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The Life Table pp 141-169 | Cite as

Parameterisation as a tool in analysing age, period and cohort effects on mortality: A case study of the Netherlands

  • Ewa Tabeau
  • Frans Willekens
  • Frans van Poppel
Chapter
Part of the European Studies of Population book series (ESPO, volume 11)

Abstract

Parameterisation models have been applied by demographers, medical scientists, and actuaries for about 250 years, being always a useful tool in the analysis of mortality. Their usefulness has been limited in the past to smoothing data, eliminating and/or reducing errors, constructing life tables, estimating missing data, facilitating comparisons of mortality, and forecasting (Keyfitz, 1982; Manton, Stallard, 1991). Recently, the role of parameterisation models has considerably broadened. Completely new areas of applications for parameterisation emerged, such as modelling disease processes (Manton, Stallard, 1984; 1988), solving specification problems of the traditional ageperiod-cohort (apc) models (Holford, Zhang, McKey, 1994), and contributing to a new type of symptomatic models for mortality (Lee, Carter, 1992). The symptomatic nature of parameterisation models is also subject of this chapter. First of all, however, some technical questions are discussed. In the technical part of this contribution, an attempt is made to systemise parameterisation functions for mortality and in particular to decide which representations of mortality are preferable as dependent variables in these functions. This goal is a natural consequence of the fact that the number of existing parameterisation models is rather high and some guidelines are needed to select a proper function. Secondly, we show how useful parameterisation can be in analysing age, period,and cohort effects on mortality. The motivation for the second goal originates from the opinion that parameterisation can be seen as an alternative to age, period, and cohort modelling.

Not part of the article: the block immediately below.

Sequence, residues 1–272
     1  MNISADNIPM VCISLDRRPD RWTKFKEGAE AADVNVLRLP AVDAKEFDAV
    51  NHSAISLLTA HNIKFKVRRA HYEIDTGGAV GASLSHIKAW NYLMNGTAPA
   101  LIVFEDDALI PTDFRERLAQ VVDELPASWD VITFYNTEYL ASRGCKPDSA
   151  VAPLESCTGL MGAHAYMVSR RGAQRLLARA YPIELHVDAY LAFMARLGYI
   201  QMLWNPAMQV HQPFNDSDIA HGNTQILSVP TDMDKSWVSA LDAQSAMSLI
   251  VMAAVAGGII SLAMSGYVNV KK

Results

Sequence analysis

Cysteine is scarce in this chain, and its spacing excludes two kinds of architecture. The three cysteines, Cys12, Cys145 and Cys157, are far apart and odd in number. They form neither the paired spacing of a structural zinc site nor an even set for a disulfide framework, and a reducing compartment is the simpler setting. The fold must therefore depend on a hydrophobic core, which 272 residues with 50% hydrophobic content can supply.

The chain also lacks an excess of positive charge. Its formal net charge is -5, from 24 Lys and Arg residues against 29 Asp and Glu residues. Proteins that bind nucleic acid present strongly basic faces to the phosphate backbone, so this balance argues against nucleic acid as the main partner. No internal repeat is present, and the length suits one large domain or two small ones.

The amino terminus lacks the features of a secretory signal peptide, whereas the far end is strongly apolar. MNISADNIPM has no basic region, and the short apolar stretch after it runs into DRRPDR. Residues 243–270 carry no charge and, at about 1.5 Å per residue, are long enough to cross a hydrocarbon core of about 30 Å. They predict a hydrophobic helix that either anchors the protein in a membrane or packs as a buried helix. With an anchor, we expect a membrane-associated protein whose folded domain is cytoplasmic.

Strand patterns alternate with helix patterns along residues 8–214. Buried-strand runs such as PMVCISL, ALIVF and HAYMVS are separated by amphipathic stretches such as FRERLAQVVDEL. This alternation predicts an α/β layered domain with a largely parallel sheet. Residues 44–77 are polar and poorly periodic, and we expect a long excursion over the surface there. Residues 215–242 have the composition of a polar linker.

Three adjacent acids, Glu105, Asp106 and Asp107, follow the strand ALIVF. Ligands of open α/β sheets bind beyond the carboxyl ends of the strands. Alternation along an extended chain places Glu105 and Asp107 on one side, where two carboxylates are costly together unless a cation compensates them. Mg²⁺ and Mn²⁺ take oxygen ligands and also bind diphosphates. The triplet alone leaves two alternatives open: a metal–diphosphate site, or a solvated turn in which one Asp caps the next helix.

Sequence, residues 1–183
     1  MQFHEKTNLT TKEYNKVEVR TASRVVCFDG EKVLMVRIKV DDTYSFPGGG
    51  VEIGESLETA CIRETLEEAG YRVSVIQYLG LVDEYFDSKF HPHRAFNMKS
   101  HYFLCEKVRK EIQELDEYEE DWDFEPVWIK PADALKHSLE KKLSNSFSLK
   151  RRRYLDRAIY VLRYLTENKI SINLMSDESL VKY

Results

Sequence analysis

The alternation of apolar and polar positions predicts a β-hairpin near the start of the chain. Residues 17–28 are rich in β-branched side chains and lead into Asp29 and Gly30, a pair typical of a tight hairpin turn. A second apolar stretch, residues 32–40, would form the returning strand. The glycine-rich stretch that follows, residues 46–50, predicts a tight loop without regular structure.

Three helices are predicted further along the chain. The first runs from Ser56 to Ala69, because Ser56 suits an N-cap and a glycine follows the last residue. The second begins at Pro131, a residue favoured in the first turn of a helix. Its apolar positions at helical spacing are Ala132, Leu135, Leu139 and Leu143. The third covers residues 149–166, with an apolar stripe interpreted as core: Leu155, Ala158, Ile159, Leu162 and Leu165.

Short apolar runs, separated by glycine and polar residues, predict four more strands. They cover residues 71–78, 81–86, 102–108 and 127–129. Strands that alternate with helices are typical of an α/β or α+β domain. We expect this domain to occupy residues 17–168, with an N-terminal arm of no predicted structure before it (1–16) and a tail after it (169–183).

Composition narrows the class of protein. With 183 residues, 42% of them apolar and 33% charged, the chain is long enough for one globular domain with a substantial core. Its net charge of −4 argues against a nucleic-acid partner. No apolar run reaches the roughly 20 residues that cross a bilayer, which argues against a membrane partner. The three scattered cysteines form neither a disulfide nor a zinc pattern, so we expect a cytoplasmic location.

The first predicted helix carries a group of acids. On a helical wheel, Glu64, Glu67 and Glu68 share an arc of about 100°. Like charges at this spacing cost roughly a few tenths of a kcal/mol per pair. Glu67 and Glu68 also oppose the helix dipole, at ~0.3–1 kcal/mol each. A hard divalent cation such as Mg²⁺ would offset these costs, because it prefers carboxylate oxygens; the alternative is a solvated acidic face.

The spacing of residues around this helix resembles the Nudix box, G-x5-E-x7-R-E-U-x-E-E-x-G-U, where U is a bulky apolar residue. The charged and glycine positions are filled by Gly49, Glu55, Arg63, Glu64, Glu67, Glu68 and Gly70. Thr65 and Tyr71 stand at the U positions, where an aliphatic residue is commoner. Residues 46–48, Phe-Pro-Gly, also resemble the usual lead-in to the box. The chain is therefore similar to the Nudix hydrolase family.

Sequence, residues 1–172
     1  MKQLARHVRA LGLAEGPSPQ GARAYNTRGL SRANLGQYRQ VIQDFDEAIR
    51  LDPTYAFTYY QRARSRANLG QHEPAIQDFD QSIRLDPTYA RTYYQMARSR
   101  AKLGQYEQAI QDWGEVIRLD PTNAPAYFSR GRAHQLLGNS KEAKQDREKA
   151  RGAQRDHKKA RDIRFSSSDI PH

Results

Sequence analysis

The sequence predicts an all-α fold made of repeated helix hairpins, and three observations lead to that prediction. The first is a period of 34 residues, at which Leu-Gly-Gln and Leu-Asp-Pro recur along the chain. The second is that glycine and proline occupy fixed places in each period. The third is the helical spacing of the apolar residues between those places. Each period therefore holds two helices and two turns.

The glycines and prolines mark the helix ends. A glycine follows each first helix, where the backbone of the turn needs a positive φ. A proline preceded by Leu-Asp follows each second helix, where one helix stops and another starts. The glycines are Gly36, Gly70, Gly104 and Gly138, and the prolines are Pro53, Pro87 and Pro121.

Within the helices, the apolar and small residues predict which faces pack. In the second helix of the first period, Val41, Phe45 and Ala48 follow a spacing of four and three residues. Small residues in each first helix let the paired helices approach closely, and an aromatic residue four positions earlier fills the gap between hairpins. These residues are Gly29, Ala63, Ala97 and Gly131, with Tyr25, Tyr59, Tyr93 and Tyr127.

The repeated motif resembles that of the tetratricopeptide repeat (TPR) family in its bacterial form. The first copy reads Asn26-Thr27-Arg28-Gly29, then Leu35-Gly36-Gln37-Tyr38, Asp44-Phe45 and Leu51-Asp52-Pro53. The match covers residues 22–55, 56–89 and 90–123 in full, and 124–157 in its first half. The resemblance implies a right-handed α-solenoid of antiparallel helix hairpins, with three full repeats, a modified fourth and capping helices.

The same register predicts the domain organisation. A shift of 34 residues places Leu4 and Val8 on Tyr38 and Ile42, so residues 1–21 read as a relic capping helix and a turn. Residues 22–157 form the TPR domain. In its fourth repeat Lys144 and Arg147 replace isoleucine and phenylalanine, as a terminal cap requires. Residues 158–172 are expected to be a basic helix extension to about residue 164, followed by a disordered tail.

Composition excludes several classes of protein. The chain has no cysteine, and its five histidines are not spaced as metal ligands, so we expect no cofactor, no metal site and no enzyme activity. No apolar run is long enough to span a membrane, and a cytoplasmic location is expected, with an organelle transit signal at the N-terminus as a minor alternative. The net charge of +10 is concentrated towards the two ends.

Keywords

Mean Absolute Percentage Error Mean Absolute Error Absolute Percentage Error Compete Risk Model Accuracy Ratio 
These keywords were added by machine and not by the authors. This process is experimental and the keywords may be updated as the learning algorithm improves.

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Copyright information

© Springer Science+Business Media Dordrecht 2002

Authors and Affiliations

  • Ewa Tabeau
  • Frans Willekens
  • Frans van Poppel

There are no affiliations available

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